History of the Blender

Your dependable everyday kitchen tool does almost everything imaginable. For those of you who have never seen a blender, it is a small electronic kitchen appliance which consists of a small container with spinning blades on the bottom that do the chopping and blending. It is also called a “liquidiser” in British English.

You can make a lot things with the blender including smoothies, baby food, pureed fruits and vegetables, cake batter, whipped cream, chopped vegetables, juices, ice creams, cocktails, and so much more. Some blenders have more power and versatility. They can also do other things like crush ice and grind nuts and coffee.

Where did this kitchen wonder come to be BlenderHow did this kitchen wonder come to be?

The invention of the blender certainly revolutionized the kitchen appliance industry and led to the invention of several electrically-powered kitchen tools and gadgets.

Stephen J. Poplawski is usually credited as the inventor of the blender. Born in Poland in 1885, he emigrated with his parents to the United States, eventually settling in Racine, Wisconsin. He established his own company Stephens Tool Company in 1918, not long before he was hired by the Arnold Electric Company. He developed the world’s first blender under that company in 1919. In 1922 Poplawski received a patent for his invention. The blenders were then sold to drug store soda fountains to make malted milkshakes.

In the 1930s, the Hamilton Beach Company produced Poplawski’s blender. Fred Osius, one of the Hamilton’s founders, sought to improve the small kitchen appliance.

Poplawski would eventually form his own company, Stephens Electric Company, which continued to manufacture blenders for home use.

The Waring BlendorThe Waring Blendor

Osius needed money to support the product that he had patented. He went to Fred Waring, a popular musician and bandleader at the time, for some financial backing. Waring financed and promoted the new “Miracle Mixer” in 1933. However, Waring found some technical problems in the blender, and so he eventually redesigned the appliance and called it the “Waring Blendor” (whose spelling was changed into “blender”).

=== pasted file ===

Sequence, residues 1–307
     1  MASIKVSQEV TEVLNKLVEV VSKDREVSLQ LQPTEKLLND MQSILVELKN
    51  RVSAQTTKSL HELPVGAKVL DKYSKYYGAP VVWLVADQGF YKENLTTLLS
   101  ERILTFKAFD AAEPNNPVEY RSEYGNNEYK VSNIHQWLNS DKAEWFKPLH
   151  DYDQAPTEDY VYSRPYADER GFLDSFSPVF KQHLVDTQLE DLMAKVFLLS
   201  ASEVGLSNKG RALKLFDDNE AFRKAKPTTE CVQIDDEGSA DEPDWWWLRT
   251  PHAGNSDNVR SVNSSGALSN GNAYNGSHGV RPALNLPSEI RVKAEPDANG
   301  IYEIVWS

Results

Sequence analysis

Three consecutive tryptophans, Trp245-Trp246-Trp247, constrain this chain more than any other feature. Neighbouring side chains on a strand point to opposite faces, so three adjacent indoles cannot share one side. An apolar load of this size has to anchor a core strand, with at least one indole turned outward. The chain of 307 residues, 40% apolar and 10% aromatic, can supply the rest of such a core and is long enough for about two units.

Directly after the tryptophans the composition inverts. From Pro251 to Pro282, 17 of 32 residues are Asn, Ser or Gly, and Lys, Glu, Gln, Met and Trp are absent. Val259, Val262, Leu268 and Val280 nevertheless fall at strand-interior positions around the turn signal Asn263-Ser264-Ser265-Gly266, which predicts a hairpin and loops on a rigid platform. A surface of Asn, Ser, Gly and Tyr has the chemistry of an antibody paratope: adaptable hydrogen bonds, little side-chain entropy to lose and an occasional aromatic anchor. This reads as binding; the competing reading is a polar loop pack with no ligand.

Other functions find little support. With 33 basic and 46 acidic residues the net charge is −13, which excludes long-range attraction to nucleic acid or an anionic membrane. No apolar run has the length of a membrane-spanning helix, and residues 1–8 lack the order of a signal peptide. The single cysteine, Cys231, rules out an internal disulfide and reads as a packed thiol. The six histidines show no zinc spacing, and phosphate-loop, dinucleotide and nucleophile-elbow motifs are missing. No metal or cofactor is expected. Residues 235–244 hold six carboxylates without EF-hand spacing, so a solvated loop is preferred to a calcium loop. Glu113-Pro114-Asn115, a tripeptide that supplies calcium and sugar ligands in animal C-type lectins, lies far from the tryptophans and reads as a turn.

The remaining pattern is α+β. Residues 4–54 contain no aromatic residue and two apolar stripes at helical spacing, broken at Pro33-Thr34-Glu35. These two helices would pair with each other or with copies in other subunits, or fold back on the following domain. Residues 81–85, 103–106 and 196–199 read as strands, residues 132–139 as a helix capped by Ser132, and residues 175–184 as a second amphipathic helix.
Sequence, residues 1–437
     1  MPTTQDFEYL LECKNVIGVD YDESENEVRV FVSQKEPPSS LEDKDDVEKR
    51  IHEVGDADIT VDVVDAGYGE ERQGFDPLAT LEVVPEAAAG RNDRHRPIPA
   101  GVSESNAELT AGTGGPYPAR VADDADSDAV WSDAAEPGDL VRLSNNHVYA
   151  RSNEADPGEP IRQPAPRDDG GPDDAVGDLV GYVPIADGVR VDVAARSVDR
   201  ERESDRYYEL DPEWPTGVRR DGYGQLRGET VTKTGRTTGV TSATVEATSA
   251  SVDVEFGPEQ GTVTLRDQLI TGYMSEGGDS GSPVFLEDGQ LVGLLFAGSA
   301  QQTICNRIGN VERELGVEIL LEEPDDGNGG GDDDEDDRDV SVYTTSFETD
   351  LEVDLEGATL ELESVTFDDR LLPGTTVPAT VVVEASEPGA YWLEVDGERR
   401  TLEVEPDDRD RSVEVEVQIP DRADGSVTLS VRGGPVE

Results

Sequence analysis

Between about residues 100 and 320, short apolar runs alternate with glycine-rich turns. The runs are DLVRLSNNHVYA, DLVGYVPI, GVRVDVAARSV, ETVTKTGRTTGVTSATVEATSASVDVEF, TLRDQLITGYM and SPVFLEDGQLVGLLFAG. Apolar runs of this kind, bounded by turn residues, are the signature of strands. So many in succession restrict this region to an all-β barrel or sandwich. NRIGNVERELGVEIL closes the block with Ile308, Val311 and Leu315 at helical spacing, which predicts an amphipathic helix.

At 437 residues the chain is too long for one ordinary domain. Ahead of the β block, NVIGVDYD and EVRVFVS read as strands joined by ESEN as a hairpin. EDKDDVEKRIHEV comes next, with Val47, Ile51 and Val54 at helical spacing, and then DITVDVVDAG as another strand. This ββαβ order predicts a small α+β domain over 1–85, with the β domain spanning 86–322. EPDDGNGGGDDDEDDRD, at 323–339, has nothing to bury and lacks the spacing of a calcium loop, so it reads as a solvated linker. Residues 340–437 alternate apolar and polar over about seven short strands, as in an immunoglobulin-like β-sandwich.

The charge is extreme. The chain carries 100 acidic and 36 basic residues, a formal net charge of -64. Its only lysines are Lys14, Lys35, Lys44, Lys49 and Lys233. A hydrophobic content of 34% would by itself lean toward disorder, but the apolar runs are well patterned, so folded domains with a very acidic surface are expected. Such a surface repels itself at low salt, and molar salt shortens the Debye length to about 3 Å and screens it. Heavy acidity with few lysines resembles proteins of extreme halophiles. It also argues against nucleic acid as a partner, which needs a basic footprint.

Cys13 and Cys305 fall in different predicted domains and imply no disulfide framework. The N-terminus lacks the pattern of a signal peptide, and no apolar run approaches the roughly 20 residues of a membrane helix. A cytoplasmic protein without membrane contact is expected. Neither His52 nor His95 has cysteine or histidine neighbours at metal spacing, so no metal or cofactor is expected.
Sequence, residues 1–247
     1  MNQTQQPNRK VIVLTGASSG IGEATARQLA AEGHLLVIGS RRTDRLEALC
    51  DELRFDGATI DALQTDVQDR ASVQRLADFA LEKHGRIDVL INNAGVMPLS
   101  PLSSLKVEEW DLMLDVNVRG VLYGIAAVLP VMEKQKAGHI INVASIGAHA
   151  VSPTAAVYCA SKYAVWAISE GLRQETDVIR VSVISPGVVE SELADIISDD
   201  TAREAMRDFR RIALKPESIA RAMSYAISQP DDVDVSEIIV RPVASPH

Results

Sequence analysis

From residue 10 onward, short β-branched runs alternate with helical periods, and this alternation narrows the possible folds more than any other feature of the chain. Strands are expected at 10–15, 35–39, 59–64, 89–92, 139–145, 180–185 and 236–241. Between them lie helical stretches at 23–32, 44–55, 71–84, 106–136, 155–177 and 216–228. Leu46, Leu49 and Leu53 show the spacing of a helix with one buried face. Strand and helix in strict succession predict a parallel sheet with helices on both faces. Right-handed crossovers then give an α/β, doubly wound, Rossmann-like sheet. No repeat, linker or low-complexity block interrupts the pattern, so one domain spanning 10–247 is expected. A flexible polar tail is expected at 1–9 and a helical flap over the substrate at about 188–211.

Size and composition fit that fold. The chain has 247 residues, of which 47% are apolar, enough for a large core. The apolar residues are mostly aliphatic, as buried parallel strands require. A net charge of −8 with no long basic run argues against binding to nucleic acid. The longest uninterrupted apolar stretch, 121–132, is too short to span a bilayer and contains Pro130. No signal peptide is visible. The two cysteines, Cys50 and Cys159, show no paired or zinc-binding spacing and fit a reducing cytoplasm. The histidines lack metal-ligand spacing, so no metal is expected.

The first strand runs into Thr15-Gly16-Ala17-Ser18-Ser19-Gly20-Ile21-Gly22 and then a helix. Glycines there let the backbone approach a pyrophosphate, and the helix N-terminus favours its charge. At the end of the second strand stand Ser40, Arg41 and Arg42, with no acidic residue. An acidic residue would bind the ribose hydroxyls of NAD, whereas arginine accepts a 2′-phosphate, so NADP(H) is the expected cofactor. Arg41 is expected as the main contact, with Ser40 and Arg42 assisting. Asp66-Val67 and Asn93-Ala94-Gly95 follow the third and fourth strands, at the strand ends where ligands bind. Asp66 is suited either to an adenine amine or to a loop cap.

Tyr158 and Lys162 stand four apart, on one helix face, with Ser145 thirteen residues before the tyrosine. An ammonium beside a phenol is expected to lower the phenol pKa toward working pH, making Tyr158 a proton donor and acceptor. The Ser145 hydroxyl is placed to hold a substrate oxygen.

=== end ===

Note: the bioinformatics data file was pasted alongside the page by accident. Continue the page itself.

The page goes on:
Waring promoted the new product while touring with his band. The marketing campaign became successful and the Waring Blendor soon found its way into bigger stores.

The Waring Blendor went on to become a widely used tool not just in the kitchen. Hospitals also used it for the implementation of certain diets. Jonas Salk even used the Waring Blendor while developing his polio vaccine. By 1954, one million Waring Blendor units had been sold, and it remains popular today. Waring’s company Waring Products is now a  part of Conair, the company that makes home appliances and other tools.

The Osterizer BlenderThe “Osterizer”

In 1946, John Oster wanted to diversify his business from barber tools to electric kitchen appliances. He acquired the Stephens Electric Company in 1946 and designed his own blender. The newly-designed blender was released by its trademark name “Osterizer,” and was introduced as a more powerful type of blender. In 1960, Oster itself was bought by Sunbeam Products.

Even the earliest types of Osterizers still perform more powerfully than many of the more current blender models.

The Vitamix blenders are one of the best blenders around. Go to a separate article here about the history of the Vitamix blender.

There are hundreds and probably thousands of blender models and configurations as well as several best blender deals on the market. It is important to read real blender reviews from customers to help you decide which of the blender models will suit to your preferences, needs, and budget.